The only other portions of Soul Blazer that might challenge veteran action-RPG fans are the boss fights. Most of Soul Blazer's bosses have an enormous amount of HP and a high attack power, so you'll need to have good equipment and devise clever strategies quickly if you want to survive.
Fortunately, the game is kind to those of us who're unable to beat bosses on our first try. You rarely have to fight any enemies beyond the ones that are normally in front of you (unless you want to stock gems for magic), so grinding before fighting bosses is unnecessary. Also, if you manage to fall in battle, the game will only penalize you by taking your gems -- your experience, items, and tasks you've accomplished still remain. This combined with excellent saving and teleportation options generally make Soul Blazer a pleasant experience, without destroying the challenge presented by some of the bosses.
Besides the excellent (albeit a bit repetitive) gameplay, Soul Blazer also presents an interesting tale and decent music. The story is fairly basic, but it's enough to motivate you to experience the entire game.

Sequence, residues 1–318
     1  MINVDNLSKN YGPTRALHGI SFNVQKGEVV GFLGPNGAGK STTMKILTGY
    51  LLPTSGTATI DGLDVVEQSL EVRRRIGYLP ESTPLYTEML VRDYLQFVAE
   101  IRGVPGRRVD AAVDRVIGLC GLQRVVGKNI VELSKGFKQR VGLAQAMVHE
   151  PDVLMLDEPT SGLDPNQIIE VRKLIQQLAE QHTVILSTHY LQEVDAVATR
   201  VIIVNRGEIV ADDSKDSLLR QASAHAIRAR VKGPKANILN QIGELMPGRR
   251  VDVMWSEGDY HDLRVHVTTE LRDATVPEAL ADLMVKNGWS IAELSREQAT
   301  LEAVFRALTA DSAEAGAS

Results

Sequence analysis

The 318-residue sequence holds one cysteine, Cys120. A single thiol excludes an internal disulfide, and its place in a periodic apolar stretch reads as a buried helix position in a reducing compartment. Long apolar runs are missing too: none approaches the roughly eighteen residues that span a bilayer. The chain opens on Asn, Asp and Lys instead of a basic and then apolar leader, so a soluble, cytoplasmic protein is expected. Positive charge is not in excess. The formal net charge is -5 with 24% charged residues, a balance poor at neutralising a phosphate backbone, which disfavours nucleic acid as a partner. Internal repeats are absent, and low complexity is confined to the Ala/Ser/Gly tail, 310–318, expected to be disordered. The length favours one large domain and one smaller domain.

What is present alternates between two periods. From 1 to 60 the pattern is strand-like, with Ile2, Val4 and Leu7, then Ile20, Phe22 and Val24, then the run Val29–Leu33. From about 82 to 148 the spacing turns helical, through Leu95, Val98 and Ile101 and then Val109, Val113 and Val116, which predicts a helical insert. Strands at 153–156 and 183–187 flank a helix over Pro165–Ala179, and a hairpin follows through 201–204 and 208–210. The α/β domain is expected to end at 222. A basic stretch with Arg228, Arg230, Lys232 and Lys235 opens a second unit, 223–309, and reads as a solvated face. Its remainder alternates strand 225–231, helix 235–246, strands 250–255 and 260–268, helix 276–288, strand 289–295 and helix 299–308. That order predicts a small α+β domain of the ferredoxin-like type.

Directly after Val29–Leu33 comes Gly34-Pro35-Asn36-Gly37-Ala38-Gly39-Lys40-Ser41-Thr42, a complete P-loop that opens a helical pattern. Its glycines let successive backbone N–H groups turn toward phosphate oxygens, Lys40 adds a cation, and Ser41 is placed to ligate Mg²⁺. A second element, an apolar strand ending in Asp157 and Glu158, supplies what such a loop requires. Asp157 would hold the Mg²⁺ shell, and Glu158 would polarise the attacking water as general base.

The opening scene explains that a once noble king had used a famous scientist to create a machine to access a being of a great evil known as Deathtoll, that would make him the most powerful and wealthy human being. To obtain the wealth he desired, the king had to kidnap most village people and sacrifice them to Deathtoll, which is why you're tasked with restoring the world. There's the occasional plot twist, but most of the characters other than the ones mentioned in the opening scenario are fairly forgettable.
Soul Blazer's music is actually quite similar to the story. There are a few memorable tracks, but you'll forget the majority of the songs after your first play-through. It's a shame that the sound quality isn't as great as ActRaiser's nearly orchestral-quality compositions, but what's there is good enough for an SNES title.
As a whole Soul Blazer may not have what it takes to compete with the SNES' best such as Secret of Mana, but it's still an innovative action-RPG that should be experienced by those with a grey 16-bit console. If you're a fan of ActRaiser and Terranigma, Soul Blazer is definitely worth checking out to experience the changes action RPGs went through between those two titles. If you're someone who doesn't own an SNES, you might want to pray for a Wii release, otherwise there may be no other legal way to experience it.
· An innovative town-restoration action-RPG that likely inspired Dark Cloud
· Dungeons have plenty of fun puzzles to solve
· Grinding is unnecessary
· The game is very forgiving of players who tend to die regularly
· Includes plenty of saving and teleportation options
· The soundtrack has some good tunes, but most are mediocre
· Forgettable characters and story
· Some charge attacks and a robust magic system would've been nice. Certain bosses might be too challenging for some players